The 15-year-old me knows this perfectly – It was 1994 when I arrived in the USA from Guatemala and enrolled at Martin Van Buren HS in Queens, NY. I walked into the building with my head held high because I knew my value. I knew what I had accomplished in 15 years after being separated from my mother and caring for my siblings for two years in Guatemala. I knew how to read, do presentations, write, and do critical thinking in MY home language – Spanish. I loved and embraced my culture and my family’s background. However, it didn’t take long for me to feel like an outsider. To question everything I knew and felt about myself. To realize that what I considered valuable was not affirmed or accepted in this school. In order to satisfy the sense of belonging I desperately craved I had to put aside or perhaps pack away my personal identity and cultural background. So, I assimilated. I learned the English language. But in a way – I betrayed who I was. I gave up my greatest treasure. My individuality.
So, I felt like I belonged. But little did I know then that it was the wrong sense of belonging. A sense of belonging I reached by paying a high price, because I began to be someone I wasn’t. Someone who broke me from the inside out. I’d go home and live one identity, speak my language, and enjoy a great Guatemalan meal. I’d enter campus and I’d be who I was expected to be in this new place, only to experience a wrong sense of belonging.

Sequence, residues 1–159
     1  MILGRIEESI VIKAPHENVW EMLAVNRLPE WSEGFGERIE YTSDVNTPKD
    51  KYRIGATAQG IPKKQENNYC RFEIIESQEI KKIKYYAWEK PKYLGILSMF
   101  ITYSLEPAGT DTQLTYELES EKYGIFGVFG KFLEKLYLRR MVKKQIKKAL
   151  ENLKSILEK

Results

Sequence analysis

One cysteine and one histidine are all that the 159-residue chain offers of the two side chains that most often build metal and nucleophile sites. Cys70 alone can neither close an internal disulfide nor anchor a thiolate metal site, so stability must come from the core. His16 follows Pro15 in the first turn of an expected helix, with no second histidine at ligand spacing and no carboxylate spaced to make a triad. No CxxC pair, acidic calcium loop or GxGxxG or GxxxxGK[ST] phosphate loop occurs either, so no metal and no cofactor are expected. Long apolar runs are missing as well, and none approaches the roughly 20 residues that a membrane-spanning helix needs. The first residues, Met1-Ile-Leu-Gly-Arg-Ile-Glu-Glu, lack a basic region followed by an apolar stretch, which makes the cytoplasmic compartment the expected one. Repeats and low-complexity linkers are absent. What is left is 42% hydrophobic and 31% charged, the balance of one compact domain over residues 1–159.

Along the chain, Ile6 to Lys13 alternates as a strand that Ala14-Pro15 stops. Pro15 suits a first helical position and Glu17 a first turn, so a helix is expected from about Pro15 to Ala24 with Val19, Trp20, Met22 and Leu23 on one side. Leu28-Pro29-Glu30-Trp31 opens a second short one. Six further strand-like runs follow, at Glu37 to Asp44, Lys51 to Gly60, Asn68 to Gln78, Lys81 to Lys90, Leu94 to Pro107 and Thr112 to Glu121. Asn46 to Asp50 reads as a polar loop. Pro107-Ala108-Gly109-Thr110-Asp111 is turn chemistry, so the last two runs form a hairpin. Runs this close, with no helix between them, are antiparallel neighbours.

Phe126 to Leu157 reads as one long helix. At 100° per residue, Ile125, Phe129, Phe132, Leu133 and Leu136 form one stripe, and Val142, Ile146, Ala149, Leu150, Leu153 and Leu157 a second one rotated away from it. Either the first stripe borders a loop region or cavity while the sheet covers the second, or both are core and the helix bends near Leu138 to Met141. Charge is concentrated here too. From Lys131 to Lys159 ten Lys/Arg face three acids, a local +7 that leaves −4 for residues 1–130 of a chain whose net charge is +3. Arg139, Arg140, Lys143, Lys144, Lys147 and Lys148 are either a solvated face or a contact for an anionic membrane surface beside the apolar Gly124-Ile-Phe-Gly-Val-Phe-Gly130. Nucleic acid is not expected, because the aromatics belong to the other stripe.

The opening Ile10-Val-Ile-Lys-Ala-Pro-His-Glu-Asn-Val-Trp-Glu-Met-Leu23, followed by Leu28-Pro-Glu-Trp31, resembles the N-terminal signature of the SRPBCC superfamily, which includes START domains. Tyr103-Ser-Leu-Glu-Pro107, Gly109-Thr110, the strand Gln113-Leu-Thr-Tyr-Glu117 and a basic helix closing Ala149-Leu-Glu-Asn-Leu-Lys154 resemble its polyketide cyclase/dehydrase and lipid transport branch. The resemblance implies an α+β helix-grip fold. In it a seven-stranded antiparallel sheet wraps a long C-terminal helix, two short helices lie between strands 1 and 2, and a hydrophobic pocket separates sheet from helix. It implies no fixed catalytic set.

A True Sense of Belonging
As much as we try to fit in where we wrongly belong, our true self has a way of calling us back to our roots. Our family backgrounds, stories, love, and journeys are strongholds that are hard to break. I believe it’s a good thing. In a way, our roots call us from where we are to where we truly belong and who we are to be. I’ve learned throughout my years here in the USA, that true belonging comes from within – A true sense of belonging originates from a clear understanding that who we are, and who our heritage made of us is valuable and important.
So, what can you do to ensure students or any individual around you experiences a true sense of belonging and not a wrong sense of belonging?
- Ask/Learn students’ stories and journeys
- Validate and affirm cultural background & experiences
- Understand the process of second language acquisition (SLA)
- Allow the use of students’ home language to access content and classroom interaction
- Keep the bar/ expectation high for all students regardless of background, and provide scaffolding to help them meet those expectations
Do NOT do this:
- Do not assume you know their story (There is danger in a single story)
- Don’t ignore and devalue students’ backgrounds and experiences
- Don’t be a language oppressor by banning students home language use
- Don’t let them sink or swim on their own; be there for them
I wholeheartedly believe that we, as educators, have the power to make or break our students into how we want them to feel in our classrooms, on campus, and in our society. By simply doing our part, we can help our students find their true sense of belonging without having to obsessively try to be someone they are not. We can easily provide opportunities for our students to accept who they are and not have to be someone they are not.
Together we can create and maintain an environment where students are proud of who they are and where they can be windows of other worlds to their peers. Let’s embrace their greatest gift – their individuality and identity.
Yours In Equity,